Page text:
- Title: Taiwan president calls on China to engage in talks
- Date: 10th October 2016
- Summary: TAIPEI, TAIWAN (OCTOBER 10, 2016) (REUTERS) VARIOUS OF NATIONAL DEFENCE MARCHING BAND PERFORMING GUESTS SEATED ON STAGE NATIONAL DEFENCE MARCHING BAND PERFORMING MILITARY OFFICERS SEATED AND LOOKING ON VARIOUS OF NATIONAL DEFENCE MARCHING BAND PERFORMING SIGN ON TOWER OF PRESIDENTIAL OFFICE READING (Chinese): "CELEBRATING THE 105TH NATIONAL DAY OF THE REPUBLIC OF CHINA" TAIWAN PRESIDENT TSAI ING-WEN WALKING TOWARDS PODIUM
- Embargoed: 25th October 2016 06:36
- Keywords: China Taiwan cross-strait relation peace talks
- Location: TAIPEI, TAIWAN
- City: TAIPEI, TAIWAN
- Country: Taiwan
- Topics: Diplomacy/Foreign Policy,Government/Politics
- Reuters ID: LVA00153F8AX1
- Aspect Ratio: 16:9
- Story Text: Taiwan President Tsai Ing-wen on Monday (October 10) called on China to engage in talks, pledging to maintain peace with the island's giant neighbour, amid a near five-month political impasse after Beijing halted official communication with the self-ruled island.
However, Tsai, in her first National Day speech, stopped short of conceding a crucial principle that Beijing has said is needed for talks to resume, that Taiwan is a part of China, also referred to between the two sides as the "1992 consensus".
Tsai's proponents have said she has been sending olive branches to China, but also choosing her words carefully so as not to lose her key anti-China support base at home.
"I call upon the authorities of mainland China to face up to the reality that the Republic of China exists, and that the people of Taiwan have an unshakeable faith in the democratic system. The two sides of the strait should sit down and talk as soon as possible. Anything can be included for discussion, as long as it is conducive to the development of cross-strait peace and the welfare of people on both sides," Tsai said in her address, an annual event used by Taiwanese presidents to offer their outlook on current relations with China.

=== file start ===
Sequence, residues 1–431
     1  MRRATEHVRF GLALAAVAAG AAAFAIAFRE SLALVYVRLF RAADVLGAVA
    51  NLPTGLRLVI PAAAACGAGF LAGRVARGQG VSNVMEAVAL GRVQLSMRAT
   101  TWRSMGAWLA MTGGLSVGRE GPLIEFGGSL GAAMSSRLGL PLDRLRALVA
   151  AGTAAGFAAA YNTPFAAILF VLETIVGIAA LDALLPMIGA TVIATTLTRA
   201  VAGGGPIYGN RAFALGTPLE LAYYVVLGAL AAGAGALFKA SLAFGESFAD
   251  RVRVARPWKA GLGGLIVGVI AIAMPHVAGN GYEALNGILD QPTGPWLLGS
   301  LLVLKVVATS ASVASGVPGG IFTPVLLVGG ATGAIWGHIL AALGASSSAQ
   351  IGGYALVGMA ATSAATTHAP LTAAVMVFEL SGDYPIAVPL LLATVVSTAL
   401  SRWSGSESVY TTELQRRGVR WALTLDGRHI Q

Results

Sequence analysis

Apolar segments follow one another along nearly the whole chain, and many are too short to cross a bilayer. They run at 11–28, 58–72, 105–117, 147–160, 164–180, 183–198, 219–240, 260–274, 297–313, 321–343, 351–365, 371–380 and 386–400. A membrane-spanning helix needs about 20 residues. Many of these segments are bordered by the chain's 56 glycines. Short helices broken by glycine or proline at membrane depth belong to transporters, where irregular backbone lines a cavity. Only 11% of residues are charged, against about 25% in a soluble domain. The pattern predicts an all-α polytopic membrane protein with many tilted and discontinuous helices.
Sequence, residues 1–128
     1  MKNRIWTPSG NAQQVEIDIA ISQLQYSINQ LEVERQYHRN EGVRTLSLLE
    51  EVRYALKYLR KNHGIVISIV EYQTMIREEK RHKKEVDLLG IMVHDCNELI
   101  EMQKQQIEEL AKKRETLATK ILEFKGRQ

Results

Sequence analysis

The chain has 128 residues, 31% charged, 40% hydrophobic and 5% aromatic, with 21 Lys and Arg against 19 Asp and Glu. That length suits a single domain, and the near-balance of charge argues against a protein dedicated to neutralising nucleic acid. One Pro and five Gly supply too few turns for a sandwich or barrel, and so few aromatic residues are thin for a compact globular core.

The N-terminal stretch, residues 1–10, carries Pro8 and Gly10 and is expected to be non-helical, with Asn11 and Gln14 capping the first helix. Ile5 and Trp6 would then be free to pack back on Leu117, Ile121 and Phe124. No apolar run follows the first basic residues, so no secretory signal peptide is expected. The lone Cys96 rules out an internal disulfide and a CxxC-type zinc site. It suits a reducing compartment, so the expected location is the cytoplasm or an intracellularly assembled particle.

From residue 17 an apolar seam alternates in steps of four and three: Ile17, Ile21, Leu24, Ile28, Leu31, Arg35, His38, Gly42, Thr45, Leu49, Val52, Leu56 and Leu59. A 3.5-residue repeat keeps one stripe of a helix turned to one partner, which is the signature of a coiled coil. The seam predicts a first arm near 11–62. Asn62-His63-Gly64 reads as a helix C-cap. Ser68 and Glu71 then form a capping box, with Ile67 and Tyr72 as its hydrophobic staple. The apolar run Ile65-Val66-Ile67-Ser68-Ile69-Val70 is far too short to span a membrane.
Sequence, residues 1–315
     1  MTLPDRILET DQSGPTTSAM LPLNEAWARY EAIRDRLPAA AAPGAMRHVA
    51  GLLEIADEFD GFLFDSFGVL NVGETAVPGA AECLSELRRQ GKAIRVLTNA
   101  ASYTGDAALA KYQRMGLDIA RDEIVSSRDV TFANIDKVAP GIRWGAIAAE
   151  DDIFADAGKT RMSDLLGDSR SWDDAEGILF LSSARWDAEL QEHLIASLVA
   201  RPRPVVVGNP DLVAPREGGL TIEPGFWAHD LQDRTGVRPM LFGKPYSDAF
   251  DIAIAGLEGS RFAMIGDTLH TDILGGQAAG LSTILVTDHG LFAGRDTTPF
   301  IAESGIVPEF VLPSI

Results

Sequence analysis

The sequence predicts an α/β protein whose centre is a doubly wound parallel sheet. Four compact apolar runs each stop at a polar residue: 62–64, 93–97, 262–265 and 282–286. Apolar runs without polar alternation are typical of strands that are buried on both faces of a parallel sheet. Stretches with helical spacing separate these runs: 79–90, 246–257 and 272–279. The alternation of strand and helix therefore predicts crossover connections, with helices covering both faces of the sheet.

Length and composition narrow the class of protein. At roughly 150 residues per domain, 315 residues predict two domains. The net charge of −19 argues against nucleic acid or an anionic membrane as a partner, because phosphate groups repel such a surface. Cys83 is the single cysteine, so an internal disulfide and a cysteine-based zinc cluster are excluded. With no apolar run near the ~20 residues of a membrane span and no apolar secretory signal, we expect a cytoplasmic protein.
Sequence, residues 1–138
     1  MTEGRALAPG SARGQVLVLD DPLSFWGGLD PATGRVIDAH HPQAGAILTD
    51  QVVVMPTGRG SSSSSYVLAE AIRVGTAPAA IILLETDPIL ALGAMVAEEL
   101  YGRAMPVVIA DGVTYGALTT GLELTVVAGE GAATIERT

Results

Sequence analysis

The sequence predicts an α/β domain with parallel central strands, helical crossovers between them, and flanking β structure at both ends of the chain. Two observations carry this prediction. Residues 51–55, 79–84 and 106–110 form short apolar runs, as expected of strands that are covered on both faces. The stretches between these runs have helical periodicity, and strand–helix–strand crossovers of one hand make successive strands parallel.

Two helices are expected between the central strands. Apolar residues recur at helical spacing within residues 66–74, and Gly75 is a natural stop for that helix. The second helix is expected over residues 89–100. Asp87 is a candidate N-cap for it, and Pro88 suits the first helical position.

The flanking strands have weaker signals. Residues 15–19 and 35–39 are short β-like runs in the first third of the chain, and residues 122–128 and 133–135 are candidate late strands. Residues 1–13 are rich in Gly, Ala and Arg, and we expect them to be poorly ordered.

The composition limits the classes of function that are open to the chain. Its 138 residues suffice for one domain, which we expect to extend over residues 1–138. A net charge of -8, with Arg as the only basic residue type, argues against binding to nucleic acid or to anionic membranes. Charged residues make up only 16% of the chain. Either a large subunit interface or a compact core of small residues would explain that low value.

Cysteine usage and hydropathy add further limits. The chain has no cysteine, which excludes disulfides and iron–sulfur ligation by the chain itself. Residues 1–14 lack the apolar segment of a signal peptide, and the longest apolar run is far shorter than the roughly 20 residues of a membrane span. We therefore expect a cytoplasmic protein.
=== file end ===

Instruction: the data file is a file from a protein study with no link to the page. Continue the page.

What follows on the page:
Tsai didn't concede outright to Beijing's principle that Taiwan is a part of China.
The so-called "1992 consensus", which was agreed to with the previous China-friendly Nationalist government, acknowledges Taiwan and China are part of a single China, but allows both sides to interpret who is the ruler.
Tsai and her Democratic Progressive Party (DPP) took power in late May after landslide elections. Beijing distrusts the DPP because it traditionally advocates independence for Taiwan, which China deems a wayward province to be taken back by force if necessary.
Tsai said she would maintain a consistent, predictable and sustainable relationship with China.
"Our pledges will not change, and our goodwill will not change. But we will not bow to pressure, and we will of course not revert to the old path of confrontation," she added.
Last week, Tsai appointed a pro-China politician to be her envoy for a meeting of Asia-Pacific leaders next month in Peru. The APEC meetings have traditionally offered an opportunity for senior officials from Taiwan and China to meet, because the grouping categorises Taiwan as a member economy, not a nation.
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